Munk refused to give up. He decided to begin a new project creating a vehicle that would solve some of the problems inherent in airships, especially ground handling and ballast issues. He based his 15-man team in portable huts in the shadow of the Cardington sheds, and went back to the drawing board.
With a small beer tent as a hangar, Munk created the concept of a hybrid. The first prototype was flown in 2000. Though Munk was able to oversee the final perfection of his vision, he died of a heart attack in February 2010 – before the team heard news that they had won the U.S. military contract.
The team now has 100 engineers and designers and the firm has ditched its draughty sheds for two brand new office buildings nearby. But if Hybrid Air Vehicles’ potential is taken up then the team hopes to begin manufacturing and storing the vehicles again in Cardington.
The 50ft long prototype itself seems otherworldly. Almost as wide as it is long, it is surprisingly balloon-like to the touch. Even the most cynical observer cannot disguise the thrill of childlike wonder on feeling just how light this huge craft is. The pressure inside it is just 0.1 psi – a car tyre is between 20 and 40 psi.
CEO Gary Elliott, the man largely responsible for putting together the Northrop Grumman deal, says: ‘We took existing technologies and the concept of an airship, took a step back and thought – why don’t we do this and this differently, so that it projects itself through the air?’
In a nearby office a team of flight-control specialists occupies a meeting room. In the corner of another office sits a full-size mock-up of the cockpit, constructed entirely from cardboard. The cabinetry is the work of the team’s 70-year-old handyman.
Pilots sit here and try out all possible instrumentation combinations to find the most practical configuration. Who needs virtual reality when you have a few old computer boxes and some photocopied instruments?
A few footsteps away, though, there is a concession to technology – a large simulator which operates using four screens linked to four networked, high-end gaming PCs. Veteran airship pilots, recruited from across the industry, with experience flying blimps and seaplanes, are teaching the computers how to react to various flying situations, so that when a remote operator issues the ship with a command, the automated system will be able to move the controls in the same way as a human pilot; in other words, they are teaching it to fly itself.
The system has been designed by another UK company, Blue Bear Systems Research. It designed the flight-control system of the Harrier jump jet and also designs UAVs (unmanned aerial vehicles) that can be launched and fly themselves autonomously along a pre-programmed route.
Although every Hybrid Air Vehicle (HAV) will be capable of being flown remotely as a military surveillance platform, it will also be able to operate with a three-man crew – a pilot, co-pilot and load master. It takes about 100 hours of flight training to convert a pilot, though they don’t all make the switch easily, often because they aren’t used to stopping in mid-air.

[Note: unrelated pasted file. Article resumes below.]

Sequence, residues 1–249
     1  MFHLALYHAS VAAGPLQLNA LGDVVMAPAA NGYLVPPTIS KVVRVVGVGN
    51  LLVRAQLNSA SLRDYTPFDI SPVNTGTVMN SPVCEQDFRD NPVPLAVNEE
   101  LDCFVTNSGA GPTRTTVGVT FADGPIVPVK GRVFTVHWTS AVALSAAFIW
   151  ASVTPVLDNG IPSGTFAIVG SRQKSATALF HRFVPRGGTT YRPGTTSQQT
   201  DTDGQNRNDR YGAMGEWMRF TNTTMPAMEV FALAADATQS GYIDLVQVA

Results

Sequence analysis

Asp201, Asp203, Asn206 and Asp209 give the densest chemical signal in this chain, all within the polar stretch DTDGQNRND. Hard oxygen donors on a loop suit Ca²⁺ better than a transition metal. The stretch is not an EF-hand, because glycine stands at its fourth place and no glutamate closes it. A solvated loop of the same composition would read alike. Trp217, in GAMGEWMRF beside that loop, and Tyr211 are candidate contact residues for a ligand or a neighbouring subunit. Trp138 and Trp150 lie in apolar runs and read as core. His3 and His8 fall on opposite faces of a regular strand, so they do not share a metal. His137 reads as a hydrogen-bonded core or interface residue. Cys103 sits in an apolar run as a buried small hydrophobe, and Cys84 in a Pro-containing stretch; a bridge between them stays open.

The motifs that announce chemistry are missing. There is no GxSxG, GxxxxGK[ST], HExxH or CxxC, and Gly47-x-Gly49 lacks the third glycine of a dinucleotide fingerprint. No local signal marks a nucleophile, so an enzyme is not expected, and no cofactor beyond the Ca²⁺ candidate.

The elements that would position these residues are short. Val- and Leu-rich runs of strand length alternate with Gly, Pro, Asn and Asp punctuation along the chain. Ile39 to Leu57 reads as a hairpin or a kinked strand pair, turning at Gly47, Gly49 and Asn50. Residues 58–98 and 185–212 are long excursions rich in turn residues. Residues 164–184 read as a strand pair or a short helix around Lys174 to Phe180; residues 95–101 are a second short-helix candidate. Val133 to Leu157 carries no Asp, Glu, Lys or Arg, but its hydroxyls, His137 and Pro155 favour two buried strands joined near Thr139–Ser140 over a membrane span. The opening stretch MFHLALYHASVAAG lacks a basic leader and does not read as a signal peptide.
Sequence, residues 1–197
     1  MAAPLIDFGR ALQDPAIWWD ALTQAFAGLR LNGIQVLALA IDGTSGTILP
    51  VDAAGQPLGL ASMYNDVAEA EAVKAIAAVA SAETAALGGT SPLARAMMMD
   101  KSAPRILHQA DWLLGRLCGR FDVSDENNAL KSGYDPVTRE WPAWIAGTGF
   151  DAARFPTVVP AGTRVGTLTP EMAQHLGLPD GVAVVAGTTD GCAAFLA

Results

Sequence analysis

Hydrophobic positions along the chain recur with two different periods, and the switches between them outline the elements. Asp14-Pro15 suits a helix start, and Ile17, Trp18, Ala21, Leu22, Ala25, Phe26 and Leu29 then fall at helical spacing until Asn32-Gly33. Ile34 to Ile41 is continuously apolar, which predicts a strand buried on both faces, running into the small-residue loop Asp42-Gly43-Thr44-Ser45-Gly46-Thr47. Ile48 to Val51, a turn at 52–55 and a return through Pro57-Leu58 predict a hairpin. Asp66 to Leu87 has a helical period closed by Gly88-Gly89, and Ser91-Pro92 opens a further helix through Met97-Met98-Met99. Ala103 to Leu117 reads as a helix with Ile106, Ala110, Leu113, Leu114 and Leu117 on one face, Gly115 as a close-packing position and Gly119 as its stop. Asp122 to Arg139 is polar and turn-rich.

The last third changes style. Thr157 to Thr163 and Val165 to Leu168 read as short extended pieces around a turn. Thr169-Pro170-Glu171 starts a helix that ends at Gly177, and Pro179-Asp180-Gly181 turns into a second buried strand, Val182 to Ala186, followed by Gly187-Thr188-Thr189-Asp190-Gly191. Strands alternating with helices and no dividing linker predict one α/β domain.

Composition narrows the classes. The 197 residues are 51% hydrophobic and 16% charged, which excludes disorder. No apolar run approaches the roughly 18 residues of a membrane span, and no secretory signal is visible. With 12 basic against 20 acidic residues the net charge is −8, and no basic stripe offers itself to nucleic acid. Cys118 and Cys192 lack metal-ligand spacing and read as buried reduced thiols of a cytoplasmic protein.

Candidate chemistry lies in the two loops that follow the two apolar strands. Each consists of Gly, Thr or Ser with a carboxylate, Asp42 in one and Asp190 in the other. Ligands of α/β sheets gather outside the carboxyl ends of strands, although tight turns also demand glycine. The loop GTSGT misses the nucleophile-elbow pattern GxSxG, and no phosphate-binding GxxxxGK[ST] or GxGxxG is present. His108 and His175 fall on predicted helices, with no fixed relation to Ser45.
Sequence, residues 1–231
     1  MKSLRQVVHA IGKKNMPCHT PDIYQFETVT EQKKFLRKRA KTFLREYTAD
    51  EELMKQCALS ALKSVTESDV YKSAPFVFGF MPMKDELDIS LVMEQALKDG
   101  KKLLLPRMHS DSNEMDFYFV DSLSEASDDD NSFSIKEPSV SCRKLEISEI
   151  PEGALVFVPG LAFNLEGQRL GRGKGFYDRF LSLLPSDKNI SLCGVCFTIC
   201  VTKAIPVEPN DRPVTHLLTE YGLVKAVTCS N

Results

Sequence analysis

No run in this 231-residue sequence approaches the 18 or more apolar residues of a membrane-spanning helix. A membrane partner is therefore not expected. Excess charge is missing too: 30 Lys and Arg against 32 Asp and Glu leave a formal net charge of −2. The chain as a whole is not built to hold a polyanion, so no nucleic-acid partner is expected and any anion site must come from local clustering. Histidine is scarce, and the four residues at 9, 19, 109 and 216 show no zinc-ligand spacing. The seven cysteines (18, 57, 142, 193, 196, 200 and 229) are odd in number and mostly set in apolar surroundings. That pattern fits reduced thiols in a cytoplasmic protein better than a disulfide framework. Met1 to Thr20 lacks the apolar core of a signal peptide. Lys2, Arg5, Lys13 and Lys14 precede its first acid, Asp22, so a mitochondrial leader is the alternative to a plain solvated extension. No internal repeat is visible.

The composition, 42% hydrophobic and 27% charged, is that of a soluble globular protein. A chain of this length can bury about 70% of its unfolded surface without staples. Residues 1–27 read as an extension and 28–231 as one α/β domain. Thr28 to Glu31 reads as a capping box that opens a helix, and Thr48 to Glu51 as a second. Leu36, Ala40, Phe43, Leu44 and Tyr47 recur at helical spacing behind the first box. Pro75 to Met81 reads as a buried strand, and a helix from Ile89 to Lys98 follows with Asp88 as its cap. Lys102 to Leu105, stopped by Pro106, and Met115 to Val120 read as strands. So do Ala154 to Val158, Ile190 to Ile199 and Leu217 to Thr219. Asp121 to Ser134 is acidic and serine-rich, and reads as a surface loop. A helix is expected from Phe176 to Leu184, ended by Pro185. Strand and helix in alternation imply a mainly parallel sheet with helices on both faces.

Dave Burns is a pilot with thousands of hours experience flying passenger airliners for BA and Monarch. He is the company’s test pilot and chief flight training officer, and also the man who will fly the HAV 304 back across the Atlantic.
‘It doesn’t respond like a plane at all,’ says Burns. ‘You move the stick, telling the ship to move, and nothing happens for three or four seconds – and then it responds, which can be a little disconcerting. Plus, the mass underneath it acts like a pendulum, always trying to make it come level again.
‘The difficult thing is landing and take-off. In the past airships had ropes and ground crew waiting; we don’t need those so now what you have to do is present the vehicle so it comes down very slowly.’
Although the first 300ft version of the craft has been commissioned by the U.S. military, the real commercial potential of the vehicles could be for heavy lifting, says director of sales Gordon Taylor who has been living and breathing the things through multiple prototypes since joining his friend Roger Munk in 1997.
‘Our hybrids are based on a blend of technologies, in the same way that a Toyota Prius is a hybrid because it runs on electricity and petrol,’ he says.
‘Firstly it uses aerodynamics. The shape is like a big wing – air moves over it, lower air pressure is created across the top of the wing and it creates lift. Only if it’s fully loaded does it need a runway, and even then, with a 20 knot headwind they can land in three hull lengths.
‘Secondly we use “lighter-than-air” technology. With a normal airship you moor it on the ground to a mast. In order to fly anywhere it has to take off ballast, then it floats up. In a hybrid we push ourselves forward and that immediately generates lift.
‘Thirdly we have vectored thrust: our propulsion ducts rotate like a jump jet. Finally, we have hovercraft-style landing gear – a cushion of air that means that you can land on any reasonably flat surface, including water. This also works in reverse to secure the vehicle to the ground by suction.’
The company has calculated that it would take only 20 minutes to move a shipping container from Milton Keynes to London by HAV – a journey that presently takes hours thanks to traffic. Add a road network that grinds to a halt after a seasonal dusting of snow and you suddenly find an application for a cheaper, faster form of transport.
‘You can forget ice road truckers too in places with more extreme cold,’ he adds.
‘They can carry the same load that goes on the back of those trucks and they love the cold because you get more lift in the denser air. We have a version with a 20-ton payload, which is what a Lockheed C-130 Hercules carries. We have plans for craft to eventually carry up to 1,000 tons.’
The team is already in formal discussions with oil companies that routinely spend hundreds of millions of dollars on roads and airports every time they find a new supply of oil or gas. By using HAVs the oil companies would simply be able to touch down without need of an airport.
‘Some of these companies are paying a million dollars a day in the development of infrastructure.
‘You could run these hybrids in convoy too, of course. The price difference between air freight and shipping is huge – so what if you could move freight by air but for a similar price as a ship? It could mean a whole new market in transport.’
Later this year the full-scale version of the current prototype will become the largest flying object in the world. After its initial use in military surveillance and heavy lifting, it could be just a few years before passengers are floating around beneath them. Need to be in New York fast? Take a plane. Don’t mind being in New York a day later? Then take an HAV.
And precisely how long will it take after that for us to see a fleet of orange easyBalloons hauling budget passengers to and from Malaga?